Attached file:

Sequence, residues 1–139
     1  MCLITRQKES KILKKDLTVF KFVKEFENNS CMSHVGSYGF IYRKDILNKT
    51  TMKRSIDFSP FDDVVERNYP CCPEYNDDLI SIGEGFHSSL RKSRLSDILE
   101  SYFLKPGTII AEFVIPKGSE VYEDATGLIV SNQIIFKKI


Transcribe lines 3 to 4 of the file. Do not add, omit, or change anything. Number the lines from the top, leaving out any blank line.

    51  TMKRSIDFSP FDDVVERNYP CCPEYNDDLI SIGEGFHSSL RKSRLSDILE
   101  SYFLKPGTII AEFVIPKGSE VYEDATGLIV SNQIIFKKI